Jon Kalb: The term is one that was widely popularized by the British explorer, Henry Stanley, in the late 19th century in his books, Through the Dark Continent(1878), In Darkest Africa (1890, and My Dark Companions (1893). Besides the obvious ethnic sense of the term, Stanley spent much of his time deep in the Iture rain forest exploring the Congo basin without seeing the sun for days or months at a time, while also suffering the "darkest" deprivations of starvation, sickness, and the death of his men. Thus, he may have come up with the term "dark continent" for multiple reasons. In my book I refer to Stanley and his work as a motif or theme, usually in the form of an overstatement to highlight certain points. By the way, Stanley began his career in Africa as a journalist covering the British-Emperor Teodros confrontation at Magdala, and its tragic ending. Unfortunately, Stanley ended his career helping King Leopold of Belgium put together the "Congo Free State." To Stanley's credit he was far less a racist than many in his day, and he had no idea of the diabolical lengths to which Leopold would go to profit from the Congo.
Senamirmir: What do we learn from "Ardipithecus ramidus kadabba," the hominid discovered by a team led by Yohannes Haile-Selassie and Giday WoldeGabriel?
Jon Kalb: First, its a great discovery and I congradulate them. We learn that their team discovered 17 fragmentary teeth and bones of a very early human ancestor. The fossils come from the lower Adu-Asa Formation along the western margin of the Middle Awash, and are approximately 5.5 million years old. This makes them about one million years older than the next oldest hominid found in the central Middle Awash, at Aramis in the Sagantole Formation. In addition to its great age, kadabba is more ape-like than the Aramis fossils, but more human-like than chimps. These differences are distinguished by a number of dental characters (which no doubt will be seen to be more unique when more of the fossil is found). A toe bone suggests kadabba was bipedal, or walked upright. These distinctions and its great age probably means that a biology teacher in the Ukraine will soon rename kadabba as a new species (as opposed to the more refined subspecies label the name now represents).
From the geology, we learn that the setting of the kadabba fossils, similar to that at Aramis 4.4 million years ago, was a relatively humid, wooded environment at an elevation well above the present-day Awash River. Both the Adu-Asa and greater Aramis areas were also subjected to periods of intense tectonic and volcanic activity. In the Adu-Asa area, this activity led to the drainage of a large lake that had existed for some duration, which was replaced by the woodlands that were inhabited by hominids and other animals.
If the Aramis/Adu-Asa hominids were bipedal and lived in a wooded or forested environment, this contradicts long held theories that hominids began walking on two legs as an adaptation to a regional, climate-induced reduction of the forests, that drove our bipedal ancestors out of the woods and into the open savannas to forage for food. Instead, assuming the Berkeley paloenvironmental data is correct, it's apparent that the "bipedal apes" from the Middle Awash were two-legged long before they left the forests, for some one million years or more. So why then did these creatures become bipedal? This is a question still to be answered.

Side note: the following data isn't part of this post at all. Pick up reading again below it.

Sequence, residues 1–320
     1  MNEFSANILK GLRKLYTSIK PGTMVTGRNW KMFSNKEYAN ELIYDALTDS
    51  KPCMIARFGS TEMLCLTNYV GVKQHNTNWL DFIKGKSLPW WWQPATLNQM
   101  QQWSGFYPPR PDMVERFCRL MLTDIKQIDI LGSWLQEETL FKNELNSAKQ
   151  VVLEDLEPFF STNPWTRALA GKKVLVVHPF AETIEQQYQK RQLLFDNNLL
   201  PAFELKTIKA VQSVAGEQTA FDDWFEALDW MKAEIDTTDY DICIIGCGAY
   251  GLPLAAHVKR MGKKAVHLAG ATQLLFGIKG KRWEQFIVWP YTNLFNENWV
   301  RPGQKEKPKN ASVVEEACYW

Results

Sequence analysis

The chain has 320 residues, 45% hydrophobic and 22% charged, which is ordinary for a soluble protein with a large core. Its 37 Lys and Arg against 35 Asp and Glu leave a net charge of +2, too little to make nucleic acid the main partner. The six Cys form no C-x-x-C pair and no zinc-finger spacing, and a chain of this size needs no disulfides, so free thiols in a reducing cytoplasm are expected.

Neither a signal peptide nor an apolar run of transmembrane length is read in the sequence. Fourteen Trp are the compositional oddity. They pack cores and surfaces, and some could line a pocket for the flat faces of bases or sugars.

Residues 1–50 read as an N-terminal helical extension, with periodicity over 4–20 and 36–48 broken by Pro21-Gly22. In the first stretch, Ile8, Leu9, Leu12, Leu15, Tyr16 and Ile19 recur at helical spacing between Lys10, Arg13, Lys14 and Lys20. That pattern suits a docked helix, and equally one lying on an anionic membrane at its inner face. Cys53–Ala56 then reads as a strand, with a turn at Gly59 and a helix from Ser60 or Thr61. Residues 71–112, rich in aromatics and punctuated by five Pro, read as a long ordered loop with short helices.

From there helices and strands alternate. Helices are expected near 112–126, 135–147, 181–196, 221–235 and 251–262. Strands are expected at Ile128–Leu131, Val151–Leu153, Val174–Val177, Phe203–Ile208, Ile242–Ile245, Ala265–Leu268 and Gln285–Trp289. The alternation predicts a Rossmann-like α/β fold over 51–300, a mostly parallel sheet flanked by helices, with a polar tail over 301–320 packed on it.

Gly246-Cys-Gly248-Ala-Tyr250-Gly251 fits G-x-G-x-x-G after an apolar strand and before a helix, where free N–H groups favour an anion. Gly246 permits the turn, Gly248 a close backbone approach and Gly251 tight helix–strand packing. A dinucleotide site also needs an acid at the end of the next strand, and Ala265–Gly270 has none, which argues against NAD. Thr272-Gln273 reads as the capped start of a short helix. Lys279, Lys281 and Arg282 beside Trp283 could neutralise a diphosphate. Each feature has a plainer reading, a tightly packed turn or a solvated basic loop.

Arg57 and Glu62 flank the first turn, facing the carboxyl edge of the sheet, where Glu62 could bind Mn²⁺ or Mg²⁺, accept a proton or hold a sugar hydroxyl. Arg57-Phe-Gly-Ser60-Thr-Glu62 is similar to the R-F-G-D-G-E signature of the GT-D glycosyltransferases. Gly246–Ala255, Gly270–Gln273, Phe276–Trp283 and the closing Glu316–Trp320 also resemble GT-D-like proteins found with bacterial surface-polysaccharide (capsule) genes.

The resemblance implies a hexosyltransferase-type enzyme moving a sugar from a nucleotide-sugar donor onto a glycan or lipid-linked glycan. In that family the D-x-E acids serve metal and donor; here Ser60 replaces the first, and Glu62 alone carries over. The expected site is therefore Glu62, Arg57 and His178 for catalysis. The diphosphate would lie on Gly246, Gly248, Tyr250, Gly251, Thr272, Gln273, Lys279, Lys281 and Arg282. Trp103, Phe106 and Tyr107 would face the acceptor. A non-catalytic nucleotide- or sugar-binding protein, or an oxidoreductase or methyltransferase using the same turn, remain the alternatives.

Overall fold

A final point: In the interest of science, Haile-Selassie, WoldeGabriel, and their colleagues might have noted that the RVRME did far more in the Adu-Asa area(as at Aramis) than simply assign "Lithostratigraphic units...to the Awash Group" (Nature,412:176), rather from 1982 to 1993 we published maps in 7 international journals, including Nature (298:20), showing the location of the fossil-bearing units that produced the Adu-Asa hominids, as well as the location of 4 of the 5 fossil localities where hominids were actually recovered (412:181,"Localities"). These same localities are also described in my book (pages 197, 200-202, 208, 245).
Senamirmir: What do you suggest that Ethiopia do to reduce problems of prehistory endeavors in the country and to establish a world class institution for prehistory research?
Jon Kalb: I would refer your readers to my suggestions on pages 306 and 307 of my book. Otherwise, while attending scientific meetings over the last few months, I've had the pleasure of meeting a number of young scientists, both Ethiopian and foreign, who in recent years have worked at Hadar or in the Middle Awash. I was impressed by their openness and fresh outlook. I would look to this generation for answers to Ethiopia's future in prehistory research--I wish them and the Ministry of Culture the best of success.
Senamirmir: It was 30 years ago when you first stepped foot in the Afar Depression. Since then, Hadar, the Middle Awash, and surrounding areas have become a source of extraordinary discoveries and continuous energy for the world of paleoanthropology and related fields. Will there be a time for a reunion of pioneers researchers and a privilege for Ethiopia to host such an event?
Jon Kalb: I've heard rumors that an effort is being made to host the leaders of the research teams currently working in Ethiopia for purposes of cooperation and possible collaboration. It sounds like a good idea.
©Senamirmir Project, 2001